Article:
This article was originally published in the New York Post.
Most college students, we’re told, want easy As, cheap beer and free condoms. Not many care about the quality of their education.
Stanford students want more. They’re asking the school to require a course on Western civilization, from Plato to Galileo to Du Bois.
The editorial board of The Stanford Review has circulated a petition for a mandatory course on “the politics, history, philosophy, and culture of the Western world.” More than 370 students signed the petition, qualifying it to be voted on by the entire student body in April.
Nearby UC Berkeley offers courses on Western civilization, and even science-oriented Cal Tech does, too. But at Stanford, outside of a boutique liberal-arts program, no course like this is offered at all. Stanford’s curriculum used to have more spine.
In 1964, 15 of the 50 premier universities in America — including Stanford — required students to take a survey of Western civilization. All 50 offered the course, and nearly all of them (41) offered it as a way to satisfy some requirement.
But in the 1980s, minority students and faculty at Stanford asserted that requiring students to take the Western civ survey was implicitly racist. Jesse Jackson marched with an army of protesters chanting “Hey hey, ho ho, Western culture’s got to go.”
In 1988, away it went. Stanford then began requiring a course on a non-Western culture. By 2010, none of the 50 top universities required Western civilization, and 34 didn’t even offer the course.
Stanford students want it back. And they don’t simply want to dust off a shelved syllabus.
The Review writers, led by editor-in-chief Harry Elliott, seek a new way to study old ideas. Students want to know the good — the legacies of reason, freedom and innovation. But they also want to know the bad — the skeletons of wars, slavery and the Holocaust.
They also recognize that we seek equal rights and individual choice because we have inherited Western ideas about freedom and human dignity.
Why study Western civilization? As these students argue in their manifesto, by knowing the West we can understand how knowledge has grown over time; how dictatorships rise and fall; how ideas we now presuppose took many years and much struggle to gain traction; and why these ideas matter. Without such knowledge, students will take the heritage of their civilization for granted and be unable, or unwilling, to defend it.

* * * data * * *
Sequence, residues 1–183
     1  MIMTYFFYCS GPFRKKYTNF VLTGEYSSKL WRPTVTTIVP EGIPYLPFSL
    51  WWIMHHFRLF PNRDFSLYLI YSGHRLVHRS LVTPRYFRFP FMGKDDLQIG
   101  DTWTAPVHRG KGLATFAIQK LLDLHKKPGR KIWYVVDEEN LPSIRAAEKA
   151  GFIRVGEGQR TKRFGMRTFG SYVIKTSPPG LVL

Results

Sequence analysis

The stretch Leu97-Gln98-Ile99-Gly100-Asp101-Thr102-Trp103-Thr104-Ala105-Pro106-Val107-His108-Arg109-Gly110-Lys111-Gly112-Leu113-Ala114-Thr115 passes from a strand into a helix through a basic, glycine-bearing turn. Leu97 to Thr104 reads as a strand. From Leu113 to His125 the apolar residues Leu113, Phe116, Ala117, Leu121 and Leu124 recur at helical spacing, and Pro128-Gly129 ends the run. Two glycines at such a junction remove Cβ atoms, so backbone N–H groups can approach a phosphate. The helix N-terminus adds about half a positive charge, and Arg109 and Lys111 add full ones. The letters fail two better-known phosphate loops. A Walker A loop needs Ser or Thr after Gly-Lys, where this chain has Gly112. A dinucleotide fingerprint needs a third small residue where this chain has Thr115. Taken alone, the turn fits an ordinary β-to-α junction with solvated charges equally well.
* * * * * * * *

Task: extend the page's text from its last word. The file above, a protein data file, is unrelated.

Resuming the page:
A course in Western thought also provides an underpinning for the rest of students’ college education and their careers afterward. Many graduates realize too late their education was a hodgepodge of interesting-sounding but unrelated courses.
The history of the West lays a foundation on which to build more specialized knowledge of art, literature, science, politics, philosophy and economics.
No matter what field students enter, they are well-served throughout their lives if they know how we got here. They can understand Donald Trump more clearly if they’ve read Machiavelli. They can see why it matters that Bernie Sanders is an intellectual descendent of Karl Marx.
They can recognize old arguments, learn from the mistakes of the past and apply what they’ve learned from this wider universe to our current age.
The Review writers have dared to poke a sleeping giant. For years colleges have snoozed serenely, replacing substantive requirements with “diversity” ones, and imagining that no one would object. The Stanford students have roused the administration and the student radicals out of their complacency. Elliott and the others have met with outrage, especially from classmates, but have stood firm and calmly and reasonably answered their opponents’ objections.
The Review writers’ measured voices contrast with the angry ones of the many other student protesters around the country who occupied presidents’ offices, went on hunger strikes and demanded to get their way. Indeed, moderation and open debate are lessons from Western civilization, which many “social justice warriors” have yet to learn.
If they succeed, Stanford students will have written a new chapter in Western civilization for future students to study.
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